This correspondence was originally published in the June 2023 edition of the Quarterly Essay, in response to the March 2023 edition by Saul Griffith.
While the pivotal role of electrification in decarbonisation has been understood for decades, it has rarely been described as vividly or enthusiastically as by Saul Griffith in The Wires That Bind. Griffith recognises that electrification is a story, at its heart, not about decarbonisation but about cleaning the air in our kitchens and streets, improving the liveability of our homes and communities, and “keeping wealth in our households and communities” – and nation. In short, electrification is a story about a better future.
While attuned to this human story of electrification, Griffith is, at heart, an engineer so it’s no surprise that The Wires That Bind is packed full of figures. Emissions are carved up, the grid is mapped and fossil machines are counted. This achieves Griffith’s goal of “clarity about the job in front of us” and complements his persuasive case for electrifying everything. The question that remains is: how can the transition best be accelerated and steered towards just and enduring outcomes?
Home owners may welcome cheap loans for double-glazing or battery-ready solar but making negative gearing conditional on upgrades has been suggested as more effective for landlords.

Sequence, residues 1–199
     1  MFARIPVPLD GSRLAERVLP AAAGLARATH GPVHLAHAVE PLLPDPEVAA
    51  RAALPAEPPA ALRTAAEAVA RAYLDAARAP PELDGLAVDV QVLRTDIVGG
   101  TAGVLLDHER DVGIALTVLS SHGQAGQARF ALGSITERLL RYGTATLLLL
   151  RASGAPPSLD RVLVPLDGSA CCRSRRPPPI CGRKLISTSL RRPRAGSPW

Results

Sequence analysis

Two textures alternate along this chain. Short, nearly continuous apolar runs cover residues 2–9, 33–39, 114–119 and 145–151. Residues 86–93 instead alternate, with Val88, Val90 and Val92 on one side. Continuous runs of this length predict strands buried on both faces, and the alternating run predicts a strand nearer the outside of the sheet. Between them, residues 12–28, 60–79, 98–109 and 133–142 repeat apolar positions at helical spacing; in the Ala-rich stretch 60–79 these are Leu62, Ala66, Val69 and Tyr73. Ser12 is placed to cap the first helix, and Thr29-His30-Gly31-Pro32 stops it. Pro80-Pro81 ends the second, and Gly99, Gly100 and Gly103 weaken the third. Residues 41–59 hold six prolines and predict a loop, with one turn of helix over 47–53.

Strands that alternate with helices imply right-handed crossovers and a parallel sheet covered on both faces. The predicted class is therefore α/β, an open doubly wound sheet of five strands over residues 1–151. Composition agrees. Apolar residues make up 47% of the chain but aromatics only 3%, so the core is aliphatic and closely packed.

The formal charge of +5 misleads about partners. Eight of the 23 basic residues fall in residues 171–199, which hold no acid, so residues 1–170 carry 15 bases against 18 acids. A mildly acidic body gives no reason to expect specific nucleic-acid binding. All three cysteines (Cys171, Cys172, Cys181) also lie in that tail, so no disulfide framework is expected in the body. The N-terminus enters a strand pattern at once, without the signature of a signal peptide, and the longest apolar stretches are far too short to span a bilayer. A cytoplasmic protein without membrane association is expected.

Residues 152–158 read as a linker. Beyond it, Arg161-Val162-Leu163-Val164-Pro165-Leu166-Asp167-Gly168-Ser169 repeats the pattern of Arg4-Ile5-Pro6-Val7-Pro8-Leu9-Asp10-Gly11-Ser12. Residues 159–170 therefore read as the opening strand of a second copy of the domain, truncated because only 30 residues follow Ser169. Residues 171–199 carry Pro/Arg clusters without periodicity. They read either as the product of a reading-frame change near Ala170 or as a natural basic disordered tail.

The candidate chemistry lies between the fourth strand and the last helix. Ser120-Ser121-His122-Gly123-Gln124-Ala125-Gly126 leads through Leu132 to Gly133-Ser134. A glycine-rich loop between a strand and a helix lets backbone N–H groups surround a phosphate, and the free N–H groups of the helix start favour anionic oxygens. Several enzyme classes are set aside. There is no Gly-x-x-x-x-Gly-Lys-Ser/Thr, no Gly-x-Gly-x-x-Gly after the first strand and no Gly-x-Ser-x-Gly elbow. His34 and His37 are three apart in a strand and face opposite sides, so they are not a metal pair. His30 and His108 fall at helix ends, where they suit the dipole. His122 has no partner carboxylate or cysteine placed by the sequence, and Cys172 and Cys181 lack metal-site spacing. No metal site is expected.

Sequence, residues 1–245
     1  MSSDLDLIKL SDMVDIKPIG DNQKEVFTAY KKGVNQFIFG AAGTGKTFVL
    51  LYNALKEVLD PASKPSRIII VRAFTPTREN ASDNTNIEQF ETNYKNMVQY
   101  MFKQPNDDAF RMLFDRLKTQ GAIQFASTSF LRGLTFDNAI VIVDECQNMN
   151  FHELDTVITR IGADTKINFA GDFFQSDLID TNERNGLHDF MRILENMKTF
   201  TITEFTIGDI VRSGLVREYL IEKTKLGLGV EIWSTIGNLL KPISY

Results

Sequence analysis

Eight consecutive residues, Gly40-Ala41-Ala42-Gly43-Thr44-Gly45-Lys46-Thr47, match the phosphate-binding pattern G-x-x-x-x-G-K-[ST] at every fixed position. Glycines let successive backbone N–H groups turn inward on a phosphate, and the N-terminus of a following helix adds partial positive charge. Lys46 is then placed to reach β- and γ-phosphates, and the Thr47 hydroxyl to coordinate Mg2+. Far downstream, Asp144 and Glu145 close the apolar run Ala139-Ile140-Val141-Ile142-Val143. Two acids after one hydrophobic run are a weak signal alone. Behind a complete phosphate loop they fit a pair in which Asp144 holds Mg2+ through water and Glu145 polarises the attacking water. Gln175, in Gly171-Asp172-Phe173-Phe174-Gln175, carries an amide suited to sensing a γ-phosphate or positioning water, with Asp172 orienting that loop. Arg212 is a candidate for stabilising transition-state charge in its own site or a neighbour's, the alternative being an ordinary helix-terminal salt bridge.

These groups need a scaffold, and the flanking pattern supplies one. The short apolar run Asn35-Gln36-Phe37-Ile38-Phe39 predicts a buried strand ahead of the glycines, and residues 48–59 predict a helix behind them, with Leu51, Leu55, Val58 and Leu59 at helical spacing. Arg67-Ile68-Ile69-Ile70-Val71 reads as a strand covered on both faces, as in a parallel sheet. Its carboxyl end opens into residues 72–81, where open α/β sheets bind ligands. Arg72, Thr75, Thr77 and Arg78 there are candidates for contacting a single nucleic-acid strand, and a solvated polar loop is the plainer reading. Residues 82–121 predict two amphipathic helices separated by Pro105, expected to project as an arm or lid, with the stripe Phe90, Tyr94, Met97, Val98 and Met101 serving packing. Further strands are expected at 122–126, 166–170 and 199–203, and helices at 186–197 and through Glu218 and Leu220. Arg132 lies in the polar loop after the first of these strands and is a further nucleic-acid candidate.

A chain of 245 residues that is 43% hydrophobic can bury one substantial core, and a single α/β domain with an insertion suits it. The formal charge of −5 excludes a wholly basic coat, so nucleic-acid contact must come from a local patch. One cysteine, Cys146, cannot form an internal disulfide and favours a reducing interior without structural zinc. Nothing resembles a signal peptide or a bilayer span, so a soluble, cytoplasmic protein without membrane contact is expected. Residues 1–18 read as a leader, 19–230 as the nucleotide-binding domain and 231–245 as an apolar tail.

Research shows up front costs are not the largest barrier to rental property investments in solar, and it may be the same for energy upgrades, energy expert Bjorn Sturmberg has warned.
Property investors do not believe spending money on new energy sources and appliances will get them higher rents – that’s the biggest barrier, Dr Sturmberg said on Wednesday.
New research from a collaboration with ANU policy and economics experts has just been published in Energy Policy – available free of charge here: https://www.sciencedirect.com/science/article/pii/S0301421523000022
The policy implications of our findings are summarised below.
Policy interventions that seek to redress the near exclusion of rental properties from solar PV face a delicate balance in both perceptions and impacts: creating benefits for tenants, who may be worried about having to pay higher rents, without overly benefiting property investors, who are relatively wealthy.
The core policy implication of our study is that policies that focus primarily on addressing high upfront costs (as have historically been used) are likely to be limited in their reach. The BWS survey indicated that respondent property investors are on average concerned that they would be unable to benefit from installing solar PV by charging higher rents.
Correcting information asymmetries by focusing policies on mechanisms to make the value of solar more visible to all parties in the market could be a means to release policymakers from the loaded challenge of balancing the incentives offered to property investors and the benefits flowing to tenants.
One way through which to increase visibility of the value of solar PV is through active monitoring and disclosure of the performance of solar PV systems to the rental market (providing the market with assurance that a system is operating well). This is most effective when the value is presented in tangible financial (dollar) terms, rather than more abstract ratings such as energy efficiency stars.